Following best practices, franchisors must adjust to new accounting rules, which take effect for reporting years beginning January 1, 2019 for most franchisors. Publicly traded franchisors were required to comply for reporting years beginning January 1, 2018.
Do you wonder whether there is value in hiring a franchisee attorney to review your Franchise Disclosure Document (FDD) before you commit to buying a franchise? Every prospective franchise asks that question. The question is legitimate. The answer is a resounding "yes". A few hundred dollars invested today can literally save you and your family from personal bankruptcy.
When buying a franchise, you should beware of "freedom of contract". Freedom of contract is a bedrock concept of the legal system. It presumes that every person understands every word of every contract and that their "self-interest" will cause them to not sign unfair or ill-advised contracts.
If you follow best practices as a franchisee, you will never use the computer for personal matters. It is tempting and far more convenient, but extremely dangerous. Most franchise agreements give the franchisor "unfettered" access to your computer and all information on it. If you email your sister complaining about how the franchisor treated you, the franchisor has the right to read it, and you should assume they will.
The Bundy Law Firm is proud to that its associate, Caroline Fichter is the 2016 recipient of the American Bar Association Forum on Franchising's Chair's Award for Substantial Writing Work or Presentation for her law journal article "Surviving the Tempest: Franchisees in the Brave New World of Joint Employers and $15 Now." In the article, Caroline and her co-author, Erin Conway of the Garner & Ginsburg firm in Minneapolis, explore the ramifications of recent national labor board decisions and minimum wage increases from a franchisee perspective.
Another day and two more prospective clients calling for help because they bought franchises. One in the senior health care industry; one in the men's hair care industry. Both suffered devastating losses. In under two years, one lost $600,000; the other "only" $100,000. In both cases, they have nothing left and I had to talk to them about consulting a bankruptcy attorney.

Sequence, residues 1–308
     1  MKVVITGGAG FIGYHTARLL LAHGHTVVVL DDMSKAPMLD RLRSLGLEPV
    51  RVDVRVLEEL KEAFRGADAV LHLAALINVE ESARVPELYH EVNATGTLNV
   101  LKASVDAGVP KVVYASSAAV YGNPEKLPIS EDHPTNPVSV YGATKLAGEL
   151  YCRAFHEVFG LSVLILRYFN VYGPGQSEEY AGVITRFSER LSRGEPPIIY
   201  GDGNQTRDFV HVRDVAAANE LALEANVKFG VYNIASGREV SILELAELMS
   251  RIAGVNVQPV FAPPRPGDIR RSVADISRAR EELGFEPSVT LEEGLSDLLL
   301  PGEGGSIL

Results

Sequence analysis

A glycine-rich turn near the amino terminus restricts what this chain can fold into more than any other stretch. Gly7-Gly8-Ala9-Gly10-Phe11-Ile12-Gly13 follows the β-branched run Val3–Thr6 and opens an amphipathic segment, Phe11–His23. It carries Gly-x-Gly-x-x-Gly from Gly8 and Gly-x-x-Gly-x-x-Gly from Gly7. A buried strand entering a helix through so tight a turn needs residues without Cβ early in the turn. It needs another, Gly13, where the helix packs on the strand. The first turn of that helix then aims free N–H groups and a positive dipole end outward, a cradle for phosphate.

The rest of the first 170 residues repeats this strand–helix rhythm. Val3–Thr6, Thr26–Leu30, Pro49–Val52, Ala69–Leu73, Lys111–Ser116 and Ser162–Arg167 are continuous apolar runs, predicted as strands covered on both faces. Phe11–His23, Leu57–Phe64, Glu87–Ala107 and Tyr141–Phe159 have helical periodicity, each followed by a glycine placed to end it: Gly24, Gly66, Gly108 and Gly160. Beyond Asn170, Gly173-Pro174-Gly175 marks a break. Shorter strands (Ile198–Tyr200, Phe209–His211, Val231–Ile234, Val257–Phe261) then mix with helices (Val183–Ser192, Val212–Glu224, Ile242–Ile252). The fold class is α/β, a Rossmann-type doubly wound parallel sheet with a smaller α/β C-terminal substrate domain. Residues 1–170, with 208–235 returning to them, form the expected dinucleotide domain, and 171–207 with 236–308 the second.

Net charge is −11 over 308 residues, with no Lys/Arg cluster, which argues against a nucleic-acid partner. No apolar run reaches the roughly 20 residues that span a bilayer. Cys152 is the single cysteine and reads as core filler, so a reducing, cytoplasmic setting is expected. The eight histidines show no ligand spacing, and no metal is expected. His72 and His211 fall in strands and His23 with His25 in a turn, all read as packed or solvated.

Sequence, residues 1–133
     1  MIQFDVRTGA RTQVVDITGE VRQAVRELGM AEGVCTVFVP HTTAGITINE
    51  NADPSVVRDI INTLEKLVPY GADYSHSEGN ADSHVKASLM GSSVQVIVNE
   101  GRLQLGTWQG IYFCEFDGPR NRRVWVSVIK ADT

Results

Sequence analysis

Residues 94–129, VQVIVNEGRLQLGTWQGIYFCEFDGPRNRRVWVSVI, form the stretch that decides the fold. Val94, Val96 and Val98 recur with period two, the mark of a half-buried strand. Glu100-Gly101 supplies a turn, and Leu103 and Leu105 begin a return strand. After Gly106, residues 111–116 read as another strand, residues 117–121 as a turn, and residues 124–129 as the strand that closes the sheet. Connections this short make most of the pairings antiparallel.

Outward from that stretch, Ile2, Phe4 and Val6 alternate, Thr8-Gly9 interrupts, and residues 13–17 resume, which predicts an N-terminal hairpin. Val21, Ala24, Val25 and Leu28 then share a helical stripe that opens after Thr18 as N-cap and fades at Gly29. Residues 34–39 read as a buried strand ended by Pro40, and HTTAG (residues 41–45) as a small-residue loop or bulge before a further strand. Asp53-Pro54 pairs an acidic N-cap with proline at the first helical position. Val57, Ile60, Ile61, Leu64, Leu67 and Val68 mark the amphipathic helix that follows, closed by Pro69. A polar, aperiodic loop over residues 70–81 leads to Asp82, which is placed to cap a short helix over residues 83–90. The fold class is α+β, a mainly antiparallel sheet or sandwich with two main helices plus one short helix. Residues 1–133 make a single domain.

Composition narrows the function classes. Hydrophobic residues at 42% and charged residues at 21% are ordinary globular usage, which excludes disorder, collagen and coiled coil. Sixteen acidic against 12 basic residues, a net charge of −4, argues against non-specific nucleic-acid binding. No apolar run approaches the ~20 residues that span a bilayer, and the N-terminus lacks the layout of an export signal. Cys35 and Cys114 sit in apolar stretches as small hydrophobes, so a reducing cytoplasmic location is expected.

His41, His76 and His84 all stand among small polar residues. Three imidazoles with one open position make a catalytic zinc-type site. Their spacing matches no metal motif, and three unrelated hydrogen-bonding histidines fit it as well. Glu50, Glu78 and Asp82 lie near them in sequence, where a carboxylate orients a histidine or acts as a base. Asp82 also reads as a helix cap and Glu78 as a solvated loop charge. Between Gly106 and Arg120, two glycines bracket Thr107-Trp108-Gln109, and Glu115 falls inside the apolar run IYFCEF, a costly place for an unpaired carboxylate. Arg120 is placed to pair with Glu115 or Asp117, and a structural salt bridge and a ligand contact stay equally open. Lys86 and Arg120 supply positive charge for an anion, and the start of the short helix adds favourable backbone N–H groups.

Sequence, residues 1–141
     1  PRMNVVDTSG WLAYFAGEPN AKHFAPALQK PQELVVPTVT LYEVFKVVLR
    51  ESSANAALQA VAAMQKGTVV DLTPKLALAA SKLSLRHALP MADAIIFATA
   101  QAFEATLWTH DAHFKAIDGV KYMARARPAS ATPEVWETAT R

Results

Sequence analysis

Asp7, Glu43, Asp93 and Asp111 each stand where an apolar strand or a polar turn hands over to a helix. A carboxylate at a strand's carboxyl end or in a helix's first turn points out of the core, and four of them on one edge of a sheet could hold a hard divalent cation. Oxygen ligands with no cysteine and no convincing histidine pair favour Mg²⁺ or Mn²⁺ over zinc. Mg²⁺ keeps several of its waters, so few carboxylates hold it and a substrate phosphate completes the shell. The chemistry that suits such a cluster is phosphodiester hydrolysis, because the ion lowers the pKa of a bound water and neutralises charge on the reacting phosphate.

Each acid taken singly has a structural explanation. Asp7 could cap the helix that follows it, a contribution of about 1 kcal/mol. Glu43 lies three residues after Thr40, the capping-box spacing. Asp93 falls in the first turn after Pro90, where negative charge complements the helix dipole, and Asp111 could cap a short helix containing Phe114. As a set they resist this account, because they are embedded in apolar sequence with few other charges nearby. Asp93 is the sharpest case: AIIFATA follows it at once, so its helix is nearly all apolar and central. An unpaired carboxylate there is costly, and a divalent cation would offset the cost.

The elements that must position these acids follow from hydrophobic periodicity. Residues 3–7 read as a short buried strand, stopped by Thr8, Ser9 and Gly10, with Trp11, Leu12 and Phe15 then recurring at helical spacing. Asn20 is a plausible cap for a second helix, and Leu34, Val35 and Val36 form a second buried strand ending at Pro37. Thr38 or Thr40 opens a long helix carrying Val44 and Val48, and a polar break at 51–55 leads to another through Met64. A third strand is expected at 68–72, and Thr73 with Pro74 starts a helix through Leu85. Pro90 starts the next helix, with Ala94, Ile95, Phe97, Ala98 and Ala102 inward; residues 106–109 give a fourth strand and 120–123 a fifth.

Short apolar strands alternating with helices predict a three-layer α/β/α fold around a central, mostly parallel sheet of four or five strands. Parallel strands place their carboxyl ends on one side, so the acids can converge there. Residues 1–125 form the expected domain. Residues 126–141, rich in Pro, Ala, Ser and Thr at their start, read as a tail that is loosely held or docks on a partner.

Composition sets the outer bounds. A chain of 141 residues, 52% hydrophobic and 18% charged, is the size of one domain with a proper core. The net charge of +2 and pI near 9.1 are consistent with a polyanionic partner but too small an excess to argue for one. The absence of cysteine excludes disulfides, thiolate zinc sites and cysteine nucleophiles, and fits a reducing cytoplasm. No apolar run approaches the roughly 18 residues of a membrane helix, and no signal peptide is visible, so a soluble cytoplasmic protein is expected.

Everyone planning to set up a new corporation or LLC faces the question of what state should they form the entity in. You read on the Internet or see ads on television about the "wonders" of incorporating in some particular state. The half of the truth that the proponents generally don't tell you is what can later bite you.
Every day people eager to own a business invest $500,000 to a million dollars in franchises where the FDD said the top of the range for "estimated initial investment" wasunder $250,000-and where the "initial franchise fee" is only about $35,000. When buying a franchise, the first question they should be asking is what are they getting for all that money?
If you are considering buying a franchise, you need to beware of empty promises from the franchisor. Over the last few years, franchise agreements have become extremely one-sided. Recently, many franchisors are making no enforceable promises to provide franchisees with any support or assistance after their business opens.
When reviewing a business contract or franchise agreement for a client, we often read the dispute resolution section first. That section describes the process the parties will use to resolve disputes and what will happen if either party decides to file a lawsuit. Many agreements provide that any disputes will be resolved through binding arbitration, a private dispute resolution process where the parties hire an arbitrator to act as a private judge and resolve their dispute. Generally, the arbitrator can do every thing that a judge can do including deciding pre-trial issues, hearing evidence and deciding the case. An arbitrator can order the parties to pay damages, fines and legal fees. One of the major advantages of arbitration is that, generally, the parties may not appeal the arbitrator's decision, meaning for better or worse, the outcome is final.